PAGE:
The rigorous new security and privacy rules encapsulated in the EU’s General Data Protection Regulation (GDPR) are now only months from going live.
In May 2018, retailers face hefty (and potentially business-ending) fines for non-compliance with sweeping new data management obligations. With potential fines of €20 million (£15.3 million) in the frame (or 4% of turnover), UK retailers should now have their systems, procedures and skills constantly under review.
Yet, one software company carried out research that indicates 77% of retailers have still not created an effective GDPR strategy. In fact, many appear to be unclear how the regulation will affect their business operations.
So, what last-minute data management considerations should retail executives be focusing on, in the lead up to May 2018?
Getting the right skills in place – across the business
The GDPR is as much about building skills and awareness, as it is about investing in software and hardware.
Any retailer who still believes that data management is purely IT function needs to seriously re-evaluate their business model.
The competitive advantages to be gained from gathering, sorting and analysing are crucial to business growth. If used wisely and well, data can now inform and improve every aspect of running a retail business; from the stock you buy, to the customer experience, and from your warehouse automation to your financial consolidation and planning.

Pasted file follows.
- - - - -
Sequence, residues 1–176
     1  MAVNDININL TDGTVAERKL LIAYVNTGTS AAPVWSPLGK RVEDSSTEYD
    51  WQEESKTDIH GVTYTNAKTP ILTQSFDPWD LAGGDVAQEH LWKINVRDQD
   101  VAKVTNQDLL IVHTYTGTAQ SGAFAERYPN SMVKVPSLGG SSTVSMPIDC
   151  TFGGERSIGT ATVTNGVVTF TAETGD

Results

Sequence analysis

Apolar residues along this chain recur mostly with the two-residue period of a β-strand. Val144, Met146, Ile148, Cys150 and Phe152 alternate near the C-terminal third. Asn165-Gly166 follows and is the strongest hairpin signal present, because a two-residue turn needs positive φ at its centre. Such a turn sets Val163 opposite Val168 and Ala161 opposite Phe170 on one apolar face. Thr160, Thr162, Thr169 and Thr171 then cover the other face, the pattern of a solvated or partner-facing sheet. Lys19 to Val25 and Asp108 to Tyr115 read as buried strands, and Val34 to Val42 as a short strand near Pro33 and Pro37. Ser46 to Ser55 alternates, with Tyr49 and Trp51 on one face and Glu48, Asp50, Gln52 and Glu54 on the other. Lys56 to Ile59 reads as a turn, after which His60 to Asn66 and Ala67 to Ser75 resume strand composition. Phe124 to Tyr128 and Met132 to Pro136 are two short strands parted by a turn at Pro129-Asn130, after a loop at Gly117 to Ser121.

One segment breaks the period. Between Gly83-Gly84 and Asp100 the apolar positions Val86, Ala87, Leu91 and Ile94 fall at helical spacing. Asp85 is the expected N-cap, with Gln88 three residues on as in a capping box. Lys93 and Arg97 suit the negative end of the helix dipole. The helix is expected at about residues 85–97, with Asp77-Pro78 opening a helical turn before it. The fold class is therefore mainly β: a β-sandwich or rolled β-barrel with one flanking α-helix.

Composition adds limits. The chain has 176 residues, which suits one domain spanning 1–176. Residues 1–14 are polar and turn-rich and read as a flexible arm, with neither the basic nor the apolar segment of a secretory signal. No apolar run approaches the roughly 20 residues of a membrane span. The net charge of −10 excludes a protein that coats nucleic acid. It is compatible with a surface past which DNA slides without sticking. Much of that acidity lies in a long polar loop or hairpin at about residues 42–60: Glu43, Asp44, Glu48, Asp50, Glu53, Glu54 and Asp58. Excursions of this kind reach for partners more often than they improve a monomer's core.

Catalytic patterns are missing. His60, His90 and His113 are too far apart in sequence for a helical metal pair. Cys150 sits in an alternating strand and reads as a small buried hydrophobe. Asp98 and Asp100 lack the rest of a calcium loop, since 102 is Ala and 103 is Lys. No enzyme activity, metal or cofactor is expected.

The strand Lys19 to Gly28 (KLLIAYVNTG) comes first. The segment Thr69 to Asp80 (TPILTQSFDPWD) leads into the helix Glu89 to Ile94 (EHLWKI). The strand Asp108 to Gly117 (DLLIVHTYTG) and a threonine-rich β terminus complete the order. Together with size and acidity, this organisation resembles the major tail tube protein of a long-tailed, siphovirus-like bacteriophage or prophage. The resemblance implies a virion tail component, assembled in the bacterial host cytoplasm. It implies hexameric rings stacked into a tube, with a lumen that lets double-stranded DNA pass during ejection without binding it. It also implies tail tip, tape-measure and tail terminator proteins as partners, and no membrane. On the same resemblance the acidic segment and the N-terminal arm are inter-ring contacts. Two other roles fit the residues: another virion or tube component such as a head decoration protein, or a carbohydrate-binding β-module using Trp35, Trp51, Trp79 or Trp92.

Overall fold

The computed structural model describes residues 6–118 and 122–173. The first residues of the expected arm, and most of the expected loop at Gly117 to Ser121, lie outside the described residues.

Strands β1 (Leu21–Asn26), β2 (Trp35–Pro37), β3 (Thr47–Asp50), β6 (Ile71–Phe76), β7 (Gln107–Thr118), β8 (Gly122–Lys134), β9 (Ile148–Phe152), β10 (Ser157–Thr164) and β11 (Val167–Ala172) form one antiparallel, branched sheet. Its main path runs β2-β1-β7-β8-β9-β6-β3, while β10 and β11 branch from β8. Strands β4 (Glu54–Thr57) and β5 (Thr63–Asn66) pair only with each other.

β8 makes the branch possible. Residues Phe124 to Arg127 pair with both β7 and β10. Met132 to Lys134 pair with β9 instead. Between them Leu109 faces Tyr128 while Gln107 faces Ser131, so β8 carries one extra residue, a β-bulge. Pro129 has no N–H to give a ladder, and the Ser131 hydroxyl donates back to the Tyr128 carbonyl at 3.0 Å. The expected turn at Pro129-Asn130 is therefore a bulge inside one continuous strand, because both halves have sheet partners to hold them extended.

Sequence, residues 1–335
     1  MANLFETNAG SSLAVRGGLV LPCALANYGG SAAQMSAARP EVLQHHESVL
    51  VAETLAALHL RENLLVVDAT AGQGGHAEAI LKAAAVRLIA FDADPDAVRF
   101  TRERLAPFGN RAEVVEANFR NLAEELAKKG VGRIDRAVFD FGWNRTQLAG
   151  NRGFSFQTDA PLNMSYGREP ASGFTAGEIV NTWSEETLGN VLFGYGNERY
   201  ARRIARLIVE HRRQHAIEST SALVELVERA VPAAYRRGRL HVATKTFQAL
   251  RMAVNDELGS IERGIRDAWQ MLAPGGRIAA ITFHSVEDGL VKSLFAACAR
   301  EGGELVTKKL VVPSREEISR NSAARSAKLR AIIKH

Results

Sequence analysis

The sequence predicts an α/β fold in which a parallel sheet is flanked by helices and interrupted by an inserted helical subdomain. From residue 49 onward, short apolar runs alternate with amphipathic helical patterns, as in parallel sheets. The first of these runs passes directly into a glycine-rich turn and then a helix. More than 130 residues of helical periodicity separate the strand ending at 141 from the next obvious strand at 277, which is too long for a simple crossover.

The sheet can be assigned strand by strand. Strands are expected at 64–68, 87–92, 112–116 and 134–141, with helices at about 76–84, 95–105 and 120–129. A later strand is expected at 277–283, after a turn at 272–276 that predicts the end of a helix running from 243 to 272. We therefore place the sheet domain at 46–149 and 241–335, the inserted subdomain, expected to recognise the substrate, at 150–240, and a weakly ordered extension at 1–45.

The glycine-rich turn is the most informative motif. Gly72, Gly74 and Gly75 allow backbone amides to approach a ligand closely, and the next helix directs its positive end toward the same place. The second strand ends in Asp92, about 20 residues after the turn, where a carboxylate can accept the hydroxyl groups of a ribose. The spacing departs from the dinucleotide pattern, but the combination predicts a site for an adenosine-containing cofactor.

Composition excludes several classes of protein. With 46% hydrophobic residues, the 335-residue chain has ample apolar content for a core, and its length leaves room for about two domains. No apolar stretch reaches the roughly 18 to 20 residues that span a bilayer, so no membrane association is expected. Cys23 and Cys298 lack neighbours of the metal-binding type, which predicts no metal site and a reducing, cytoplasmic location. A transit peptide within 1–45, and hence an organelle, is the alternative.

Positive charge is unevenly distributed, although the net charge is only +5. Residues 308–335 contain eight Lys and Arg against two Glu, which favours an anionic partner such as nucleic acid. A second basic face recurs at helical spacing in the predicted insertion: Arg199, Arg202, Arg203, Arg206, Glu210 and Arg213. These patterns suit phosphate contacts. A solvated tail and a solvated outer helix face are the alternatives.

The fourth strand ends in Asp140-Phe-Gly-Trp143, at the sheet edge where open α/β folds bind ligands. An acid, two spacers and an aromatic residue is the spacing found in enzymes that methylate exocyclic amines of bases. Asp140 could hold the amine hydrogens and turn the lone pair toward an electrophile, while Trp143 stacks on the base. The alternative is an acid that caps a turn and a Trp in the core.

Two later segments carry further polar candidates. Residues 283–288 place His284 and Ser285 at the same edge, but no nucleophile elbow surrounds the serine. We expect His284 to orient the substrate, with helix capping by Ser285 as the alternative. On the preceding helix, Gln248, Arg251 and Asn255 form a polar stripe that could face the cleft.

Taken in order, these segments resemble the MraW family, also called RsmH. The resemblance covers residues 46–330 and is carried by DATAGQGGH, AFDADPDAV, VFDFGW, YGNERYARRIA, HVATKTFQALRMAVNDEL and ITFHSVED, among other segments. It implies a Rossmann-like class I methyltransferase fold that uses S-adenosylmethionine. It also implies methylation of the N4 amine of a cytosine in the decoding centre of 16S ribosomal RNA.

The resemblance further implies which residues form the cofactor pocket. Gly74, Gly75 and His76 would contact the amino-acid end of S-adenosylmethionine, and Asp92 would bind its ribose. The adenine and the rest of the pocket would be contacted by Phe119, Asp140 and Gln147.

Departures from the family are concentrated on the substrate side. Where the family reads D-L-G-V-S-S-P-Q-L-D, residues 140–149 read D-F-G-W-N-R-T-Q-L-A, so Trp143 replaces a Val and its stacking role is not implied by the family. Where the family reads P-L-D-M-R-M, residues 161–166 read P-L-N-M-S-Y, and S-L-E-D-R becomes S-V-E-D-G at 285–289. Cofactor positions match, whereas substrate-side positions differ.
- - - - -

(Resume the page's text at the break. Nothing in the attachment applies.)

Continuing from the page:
That means your entire executive team needs an appreciation of the power of data, and the ways to mould it to a leaner, more agile retail business.
Security and data concerns cross-departmental
However, alongside the advantages Big Data brings, comes ever-growing problems with privacy and security.
Just as an appreciation of data’s power is now needed across your management team, so is an understanding of the exponential risks.
Continuing process of control
It’s a widely held view that GDPR compliance is a journey, not a destination.
This involves a constant process of revaluation and measurement. For example, retailers who have executives who work remotely across different sites, will have to ensure that all devices and software used are fully compliant leaving no potential for data loss or misuse.
Marketing teams will have to be scrupulous in planning every new campaign and initiative around the far more exacting opt-in requirements for customer engagement.
The weakest link could be external
Yet all of this new measuring, monitoring and constant alertness still runs the risk of data security problems from an external source.
And it’s not just cyber criminals and malware who pose a threat either. Retailers tend to deal with a myriad of suppliers. Their systems and procedures will have to be thoroughly checked, as the weakest link in your supply chain could be the way you fall foul of GDPR.
Contact us today to discuss retail executive recruitment that builds your organisation’s ability to embrace data, without being strangled by it.